The Burro Fire east of Dolores grew 9 acres on Thursday, and crews continued on Friday to reinforce containment lines on its northwestern and southern sides.
The fire remained at 53 percent containment, and the estimate of full containment was revised to Aug. 1. Previously, full containment was expected by July 15.
An infrared mapping flight about 10 p.m. Thursday showed that the Burro Fire was at 3,756 acres, and an area of intense heat existed on the northwest finger of the fire, the flight log said.
The new, Type 3 team, under incident commander John Norton-Jensen, reported that fellers, skidders and chippers would reinforce control lines and remove hazardous fuels along the completed bulldozed line in Division J, on the northwest side of the fire. Crews also worked to improve fire lines in Division N, on the southern end of the fire, near Windy Gap.
Limited fire activity was expected on Friday, though a drying trend following last weekend’s 1.2 inches of rain could result in increased fire activity within two or three days, said Andy Lyon, a public information officer with the incident command team.
Division R, on the fire’s northeast side, remained unstaffed. The Burro Fire is bordered on the east by a high-elevation wilderness, and because some areas are above timberline, the fire team does not consider the area to be a threat, said Patrick Seekins, of the Dolores Ranger District of the San Juan National Forest. Crews from the 416 Fire were managing that area from the western flank of the 416 Fire, less than 10 miles away.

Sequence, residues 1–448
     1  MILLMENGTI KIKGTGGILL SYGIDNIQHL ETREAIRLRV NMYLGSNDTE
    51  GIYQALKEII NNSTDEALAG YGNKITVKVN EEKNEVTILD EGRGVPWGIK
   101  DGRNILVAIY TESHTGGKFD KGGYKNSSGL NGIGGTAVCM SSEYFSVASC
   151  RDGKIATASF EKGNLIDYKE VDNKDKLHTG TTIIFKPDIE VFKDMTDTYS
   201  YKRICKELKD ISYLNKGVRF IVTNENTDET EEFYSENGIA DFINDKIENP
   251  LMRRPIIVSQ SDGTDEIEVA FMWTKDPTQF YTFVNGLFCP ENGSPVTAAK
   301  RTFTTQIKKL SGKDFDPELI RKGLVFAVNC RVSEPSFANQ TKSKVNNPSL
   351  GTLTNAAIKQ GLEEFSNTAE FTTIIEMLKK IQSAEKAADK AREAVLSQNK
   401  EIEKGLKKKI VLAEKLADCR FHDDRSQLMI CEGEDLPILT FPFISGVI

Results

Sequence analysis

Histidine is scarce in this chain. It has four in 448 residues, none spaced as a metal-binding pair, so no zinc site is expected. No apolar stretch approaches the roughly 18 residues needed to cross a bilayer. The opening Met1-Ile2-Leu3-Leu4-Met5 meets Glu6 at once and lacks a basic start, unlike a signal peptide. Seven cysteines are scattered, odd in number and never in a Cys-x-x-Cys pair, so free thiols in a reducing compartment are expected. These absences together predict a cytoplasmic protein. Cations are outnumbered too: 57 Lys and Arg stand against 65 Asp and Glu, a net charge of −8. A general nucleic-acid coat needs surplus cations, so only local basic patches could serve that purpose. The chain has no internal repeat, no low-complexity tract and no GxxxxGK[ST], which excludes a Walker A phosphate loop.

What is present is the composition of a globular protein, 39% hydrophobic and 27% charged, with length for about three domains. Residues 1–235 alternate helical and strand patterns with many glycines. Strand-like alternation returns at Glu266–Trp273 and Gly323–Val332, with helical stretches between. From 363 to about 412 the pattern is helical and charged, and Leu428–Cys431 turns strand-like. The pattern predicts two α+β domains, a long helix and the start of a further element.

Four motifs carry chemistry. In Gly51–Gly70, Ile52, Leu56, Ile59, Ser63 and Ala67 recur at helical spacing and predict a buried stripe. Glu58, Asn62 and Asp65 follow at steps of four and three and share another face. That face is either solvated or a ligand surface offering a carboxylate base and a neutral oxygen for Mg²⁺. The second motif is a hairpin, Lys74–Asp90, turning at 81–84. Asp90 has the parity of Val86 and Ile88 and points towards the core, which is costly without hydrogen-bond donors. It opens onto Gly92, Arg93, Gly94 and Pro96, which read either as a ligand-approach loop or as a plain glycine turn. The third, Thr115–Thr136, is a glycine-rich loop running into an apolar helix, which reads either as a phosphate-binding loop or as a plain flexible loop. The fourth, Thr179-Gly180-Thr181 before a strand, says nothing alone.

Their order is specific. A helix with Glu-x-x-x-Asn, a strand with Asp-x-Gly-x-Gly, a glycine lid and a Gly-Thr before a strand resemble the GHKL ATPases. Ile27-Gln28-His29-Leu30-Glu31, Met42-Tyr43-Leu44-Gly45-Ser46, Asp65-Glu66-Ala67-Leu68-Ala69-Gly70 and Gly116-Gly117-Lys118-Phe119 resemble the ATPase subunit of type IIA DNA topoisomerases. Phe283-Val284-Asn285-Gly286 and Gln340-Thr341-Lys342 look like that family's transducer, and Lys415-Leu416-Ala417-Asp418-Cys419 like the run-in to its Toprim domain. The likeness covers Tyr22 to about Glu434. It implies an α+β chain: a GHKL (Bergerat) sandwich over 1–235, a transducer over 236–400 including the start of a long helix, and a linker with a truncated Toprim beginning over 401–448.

The Burro and 416 fires, previously managed by a joint Rocky Mountain Incident Management Type 1 team along with the Burro Fire, have transitioned to new fire management teams.
The Burro Fire transitioned to a downsized Type 3 team under the jurisdiction of the San Juan National Forest at 6 a.m. Thursday. About 134 personnel remained on the fire team, but that number was expected to fall Friday as personnel including the 20 Black Mountain Hotshots, from Carson City, Nevada, demobilized.
The 416 Fire hit its 14-day limit for working a fire on Thursday, and is now under a Type 1 National Incident Management Organization team. The NIMO team, from Portland, Oregon, will continue to supervise more than 600 firefighters working on the wildfire. A NIMO team is structured to manage long-duration fires, ideal for managing fire in the remote country, such as the western side of the 416 Fire.